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Smith v. Lyondell Citgo Refining LP

March 9, 2006

HERMAN SMITH,
v.
LYONDELL CITGO REFINING LP AND AGENTS DAN SMITH, BILL THOMPSON, JIM DANIEL, GREG NEVERMAN, JOHN FINCK, LISA MCCORQUODALE, STEVE LOTT, STEVE MCCARTHY, LINDA LAMB, GORDON C. CONTI, CHRIS JEWELL PLAINTIFF DEFENDANTS



The opinion of the court was delivered by: Melinda Harmon United States District Judge

MEMORANDUM OPINION AND ORDER

I. INTRODUCTION

Pending before the court is Defendants' motion for summary judgment (Doc. 18). Plaintiff Herman Smith ("Smith" or "Plaintiff") claims Defendant Lyondell Citgo Refining LP and its employees: Dan Smith, Bill Thompson, Jim Daniel, Greg Neverman, John Finck, Lisa Mccorquodale, Steve Lott, Steve McCarthy, Linda Lamb, Gordon C. Conti and Chris Jewell (collectively "LCR" or "Defendants") violated Title VII, committed acts of negligence and gross negligence, and intentionally inflicted emotional distress upon him. For the following reasons, the court ORDERS that the motion is GRANTED.

II. RELEVANT FACTS

Smith began working for LCR in 1980 as a pumper. In 1999, he was terminated for allegedly threatening his co-workers. Smith fought his termination at an arbitration held pursuant to his union's collective bargaining agreement with LCR. Smith prevailed at the arbitration, and the arbitrator ordered LCR to reinstate him in October of 2000. After reinstatement, Smith filed a Title VII lawsuit in this court against LCR. In an opinion dated May 6, 2003, this court granted LCR's motion for summary judgment and dismissed Smith's claim.

In 2002, Smith's behavior deteriorated and he was placed on a "performance track." Aside from incidents related to job performance, Smith's supervisors complained about Smith's uncooperative attitude, which, they explained, bordered on insubordination. On October 28, 2002, after an incident LCR claims could have resulted in the release of toxic chemicals, Smith was suspended from work. Once again, Smith appealed his suspension through the collective bargaining agreement at an arbitration. The arbitrator found the LCR had "good and sufficient cause" to discipline Smith, but reduced the period of suspension to 10 days.

After returning to work, Smith was was involved in another incident. This time, instead of suspending Smith, LCR chose to terminate him. Smith appealed the termination at yet a third arbitration. Both sides were represented by counsel, and witnesses testified to the underlying events. While the arbitrator's opinion was still pending, Smith again filed suit in this court against LCR and its employees. On February 8, 2005, the arbitrator upheld LCR's termination of Smith for "just cause." In part, the arbitrator found that (1) Smith's guilt had been clearly shown; (2) Smith had been dishonest with his supervisor; (3) Smith had not performed his job duties on this and other occasions; and (4) Smith's allegation that his supervisor set him up for termination had no merit.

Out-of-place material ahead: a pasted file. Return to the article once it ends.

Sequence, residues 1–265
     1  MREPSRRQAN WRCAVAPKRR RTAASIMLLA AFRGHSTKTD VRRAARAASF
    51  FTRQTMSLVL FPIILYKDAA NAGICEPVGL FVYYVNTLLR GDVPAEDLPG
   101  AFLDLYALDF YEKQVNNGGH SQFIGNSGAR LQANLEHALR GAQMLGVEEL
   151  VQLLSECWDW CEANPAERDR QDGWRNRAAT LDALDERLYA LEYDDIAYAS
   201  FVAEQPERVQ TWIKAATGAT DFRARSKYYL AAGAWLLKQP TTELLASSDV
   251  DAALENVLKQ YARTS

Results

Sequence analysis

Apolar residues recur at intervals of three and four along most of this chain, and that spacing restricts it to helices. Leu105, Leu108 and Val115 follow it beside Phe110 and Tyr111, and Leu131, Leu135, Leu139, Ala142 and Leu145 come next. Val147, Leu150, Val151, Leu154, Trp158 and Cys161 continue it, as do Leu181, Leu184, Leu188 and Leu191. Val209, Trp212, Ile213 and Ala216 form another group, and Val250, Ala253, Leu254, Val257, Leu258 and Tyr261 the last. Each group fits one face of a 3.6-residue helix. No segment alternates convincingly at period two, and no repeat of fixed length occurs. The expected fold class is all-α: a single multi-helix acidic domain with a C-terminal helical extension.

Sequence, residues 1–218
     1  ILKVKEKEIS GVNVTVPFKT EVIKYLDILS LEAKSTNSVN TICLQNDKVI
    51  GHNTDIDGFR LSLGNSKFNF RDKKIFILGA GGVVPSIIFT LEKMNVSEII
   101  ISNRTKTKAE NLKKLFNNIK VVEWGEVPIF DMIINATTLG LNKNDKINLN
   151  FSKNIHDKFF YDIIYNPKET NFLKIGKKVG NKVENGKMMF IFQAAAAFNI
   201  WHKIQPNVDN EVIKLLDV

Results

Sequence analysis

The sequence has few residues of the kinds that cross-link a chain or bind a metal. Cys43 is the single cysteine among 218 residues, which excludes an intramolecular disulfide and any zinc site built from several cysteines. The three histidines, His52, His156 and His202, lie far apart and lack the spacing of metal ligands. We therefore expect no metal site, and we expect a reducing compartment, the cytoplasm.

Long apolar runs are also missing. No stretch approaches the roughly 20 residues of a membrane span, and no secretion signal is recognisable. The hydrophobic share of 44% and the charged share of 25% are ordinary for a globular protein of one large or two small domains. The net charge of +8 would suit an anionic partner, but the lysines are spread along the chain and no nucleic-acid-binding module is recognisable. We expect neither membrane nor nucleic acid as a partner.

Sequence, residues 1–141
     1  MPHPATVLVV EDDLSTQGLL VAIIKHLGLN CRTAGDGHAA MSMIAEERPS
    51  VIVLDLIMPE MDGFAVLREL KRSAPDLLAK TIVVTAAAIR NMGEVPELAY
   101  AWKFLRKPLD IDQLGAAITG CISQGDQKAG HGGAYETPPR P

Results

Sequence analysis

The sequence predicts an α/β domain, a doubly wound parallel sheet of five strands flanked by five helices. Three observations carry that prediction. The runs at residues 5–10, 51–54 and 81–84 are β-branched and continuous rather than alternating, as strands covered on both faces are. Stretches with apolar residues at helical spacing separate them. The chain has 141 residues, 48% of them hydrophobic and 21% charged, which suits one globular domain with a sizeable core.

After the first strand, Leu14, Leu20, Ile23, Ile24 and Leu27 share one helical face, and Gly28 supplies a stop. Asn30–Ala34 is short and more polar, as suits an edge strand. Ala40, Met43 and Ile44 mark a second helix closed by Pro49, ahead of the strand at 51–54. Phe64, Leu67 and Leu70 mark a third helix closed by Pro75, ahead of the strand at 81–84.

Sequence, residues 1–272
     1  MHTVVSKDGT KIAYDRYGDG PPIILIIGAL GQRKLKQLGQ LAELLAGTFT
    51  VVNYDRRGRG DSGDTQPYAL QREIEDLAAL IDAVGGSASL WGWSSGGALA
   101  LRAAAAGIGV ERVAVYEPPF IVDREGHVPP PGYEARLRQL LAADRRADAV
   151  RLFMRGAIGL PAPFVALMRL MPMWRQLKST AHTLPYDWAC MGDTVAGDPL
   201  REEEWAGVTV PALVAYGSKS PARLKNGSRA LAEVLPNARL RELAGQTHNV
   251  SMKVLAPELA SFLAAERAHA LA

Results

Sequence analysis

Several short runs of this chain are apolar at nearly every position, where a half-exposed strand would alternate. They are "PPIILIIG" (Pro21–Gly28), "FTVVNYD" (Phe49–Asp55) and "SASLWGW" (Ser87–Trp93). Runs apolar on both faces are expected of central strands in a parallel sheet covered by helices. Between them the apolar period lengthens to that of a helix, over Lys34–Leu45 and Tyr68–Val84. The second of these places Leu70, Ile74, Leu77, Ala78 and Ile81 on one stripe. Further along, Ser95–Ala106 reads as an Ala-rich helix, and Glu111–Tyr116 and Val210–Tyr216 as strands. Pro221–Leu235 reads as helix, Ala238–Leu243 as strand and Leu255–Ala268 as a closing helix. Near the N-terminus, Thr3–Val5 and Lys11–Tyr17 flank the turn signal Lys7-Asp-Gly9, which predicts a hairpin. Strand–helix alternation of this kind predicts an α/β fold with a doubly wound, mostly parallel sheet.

III. LAW

A. Summary Judgment

The movant seeking a federal summary judgment initially must inform the court of the basis for his motion and point out those portions of the pleadings, depositions, answers to interrogatories, and admissions on file that demonstrate the absence of a genuine issue of material fact and show that he is entitled to a judgment as a matter of law. Fed. R. Civ. P. 56(c); Celotex Corp. v. Catrett, 477 U.S. 317, 323 (1986). The movant need not negate the opposing party's claims nor produce evidence showing an absence of a genuine factual issue, but may rely on the absence of evidence to support essential elements of opposing party's claims. International Assoc. of Machinists & Aerospace Workers, Lodge No. 2504 v. Intercontinental Mfg. Co., 812 F.2d 219, 222 (5th Cir. 1987). The burden then shifts to the non-movant to set forth specific facts and competent summary judgment evidence to raise a genuine issue of material fact on each essential element of any claim on which he bears the burden of proof at trial. Fed. R. Civ. P. 56(c). The substantive law governing the suit identifies the essential elements of the claims at issue and therefore indicates which facts are material. Anderson v. Liberty Lobby, Inc., 477 U.S. 242, 248 (1986). The non-moving party may not rest on mere allegations or denials ...


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